by Kelpie Wilson
NorthAtlantic Books, 2005
320 pages, $13.95
Primal Tears is a funny, deep, exciting, and biologically correct novel springing from an innovative idea: What if efforts to bring back endangered species from the brink are taken another step through a different kind of captive breeding program, with human surrogate mothers carrying the endangered fetus to term, thereby increasing birth rate of the species threatened with extinction? Not possible for whooping cranes, snail darters, or tiger salamanders, but it is not so far flung a concept for bonobo chimps, who are as close to humans genetically as horses are to donkeys, and that’s how we got mules, right? Things get interesting for author Kelpie Wilson’s character Sarah Carrigan when she implants a bonobo embryo into her womb in just such an ecologically-driven experiment. She gets more than she bargained for when the fertilized egg fails to implant, but some left-over bonobo sperm fertilizes one of her own eggs. Sage, the human-bonobo girl, is thus conceived.
Sage in some ways has the best of both worlds, being extremely agile and strong, smart and curious, but decidedly different from her peers, sporting a slightly protruding brow and a hairy back. Sage is no Bigfoot – though is once mistaken for one – but is able to fit in, fending off curiosity.
When the truth about her conception is revealed, the reality of societal hostilities to new ideas, and moreover to the inherent rights of animals to exist along with humans, comes galloping in from the Child Welfare agency, followed by the local sheriffs and federal agents, fired up by the Bible-thumping Kristian Kommand, who call her “Satan’s spawn.” All hell breaks loose as the family flees to prevent Sage from being taken away, shifting gears into an escape plan they hoped they would never have to use. After a long hike through the Siskiyou wilderness and stints with friends in Canada and on a rural California Indian Reservation, the law catches up with them again, this time snatching Sage away. But the youngster now knows the drill, and manages to escape on the way to “protective custody.” The inherent survival skills of the wily teenager kick into gear. We are along for the ride on Sage’s adventures, exploring her arriving sexuality, living in the forest with the bears, running from the right-wing Kristian Kommand and hooking up with “Tree Nation,” a group of young tree-sitters determined to keep the chain saws at bay in the old-growth forest.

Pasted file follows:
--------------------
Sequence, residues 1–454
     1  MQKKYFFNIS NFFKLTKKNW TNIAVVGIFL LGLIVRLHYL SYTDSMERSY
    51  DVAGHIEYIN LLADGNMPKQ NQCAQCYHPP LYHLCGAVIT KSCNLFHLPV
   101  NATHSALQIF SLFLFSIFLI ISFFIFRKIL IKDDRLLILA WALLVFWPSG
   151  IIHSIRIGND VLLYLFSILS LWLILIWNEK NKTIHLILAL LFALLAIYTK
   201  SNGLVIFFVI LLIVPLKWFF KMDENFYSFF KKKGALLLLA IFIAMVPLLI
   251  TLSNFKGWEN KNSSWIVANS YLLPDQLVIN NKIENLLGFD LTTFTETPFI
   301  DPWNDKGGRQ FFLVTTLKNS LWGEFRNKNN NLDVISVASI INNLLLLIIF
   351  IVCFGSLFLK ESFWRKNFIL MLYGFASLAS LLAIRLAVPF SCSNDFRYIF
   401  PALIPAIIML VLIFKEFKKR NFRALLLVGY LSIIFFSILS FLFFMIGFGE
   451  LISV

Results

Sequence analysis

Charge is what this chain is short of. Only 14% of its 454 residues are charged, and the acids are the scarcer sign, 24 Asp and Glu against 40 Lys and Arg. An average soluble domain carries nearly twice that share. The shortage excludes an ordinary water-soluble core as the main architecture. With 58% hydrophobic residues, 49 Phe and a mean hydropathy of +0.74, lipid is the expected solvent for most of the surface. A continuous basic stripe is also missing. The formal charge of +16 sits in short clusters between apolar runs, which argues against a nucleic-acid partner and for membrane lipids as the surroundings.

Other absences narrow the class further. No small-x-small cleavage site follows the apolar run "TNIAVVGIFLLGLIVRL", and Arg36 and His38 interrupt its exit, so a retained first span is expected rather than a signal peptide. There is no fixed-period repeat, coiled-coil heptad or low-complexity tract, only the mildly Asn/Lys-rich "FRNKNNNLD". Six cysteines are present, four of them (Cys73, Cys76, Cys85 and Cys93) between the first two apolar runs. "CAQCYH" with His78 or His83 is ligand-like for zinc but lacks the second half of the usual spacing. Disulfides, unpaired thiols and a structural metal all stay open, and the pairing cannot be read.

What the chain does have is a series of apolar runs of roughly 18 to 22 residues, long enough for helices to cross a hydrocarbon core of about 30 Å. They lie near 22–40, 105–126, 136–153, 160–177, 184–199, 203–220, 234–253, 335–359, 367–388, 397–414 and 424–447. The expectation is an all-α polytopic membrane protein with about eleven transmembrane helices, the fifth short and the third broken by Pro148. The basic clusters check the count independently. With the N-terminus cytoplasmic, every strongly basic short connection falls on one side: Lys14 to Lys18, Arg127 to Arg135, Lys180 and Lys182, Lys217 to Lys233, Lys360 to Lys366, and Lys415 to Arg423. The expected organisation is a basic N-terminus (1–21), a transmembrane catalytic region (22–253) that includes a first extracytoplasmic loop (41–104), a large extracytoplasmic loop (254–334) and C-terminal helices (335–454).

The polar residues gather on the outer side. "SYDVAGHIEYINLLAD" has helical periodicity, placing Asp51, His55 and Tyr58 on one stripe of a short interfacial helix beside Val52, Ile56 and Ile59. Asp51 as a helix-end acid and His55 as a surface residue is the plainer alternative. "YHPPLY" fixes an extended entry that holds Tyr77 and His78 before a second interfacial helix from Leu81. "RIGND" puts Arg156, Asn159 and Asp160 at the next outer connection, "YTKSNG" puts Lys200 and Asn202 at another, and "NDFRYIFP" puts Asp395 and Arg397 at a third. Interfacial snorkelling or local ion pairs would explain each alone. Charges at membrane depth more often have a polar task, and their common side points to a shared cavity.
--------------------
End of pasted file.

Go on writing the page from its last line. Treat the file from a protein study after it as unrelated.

Once she “comes out” to the world as who she is, she hooks up with a rock band headed by Marleybone, a wildly tattooed Euro-Pakistani woman who is all the rage with the activist crowd. Marleybone invites Sage to go on tour with her and talk to the world about the plight of the bonobos, and she does – wowing the crowd with stunning acrobatics while Marleybone wails. Sage travels to the African continent to attempt to meet her genetic roots, in her quest to devise a campaign to protect the bonobo population from a burgeoning human population and poachers. Learning that logging roads are being carved into the bonobos’ forest home, Sage and her friends found an organization to raise money to for health clinics to better address population issues, and chicken ranches so bonobos won’t be killed for meat.
There are lots of surprises in this fast-moving story, as when Sage meets her biological father, and when a plan is hatched to exploit the pheremones she produces for a different kind of birth control. The story is also replete with themes that echo current events, set in the Pacific Northwest where real-life dramas of forest habitat loss bring in passionate and hard-hitting campaigns with opposition from extreme right-wing reactionaries bearing a marked resemblance to the Kristian Kommand. Carrigan found herself in a position to carry this unique baby because she was suddenly fired for teaching evolution in the classroom.
Wilson did her research well. We learn about the differences in apes and humanoids in their ability to vocalize, and the fact that apes cannot shed tears. We also learn that perhaps we have more in common with other species that we share space with on this blue-green planet than we might think.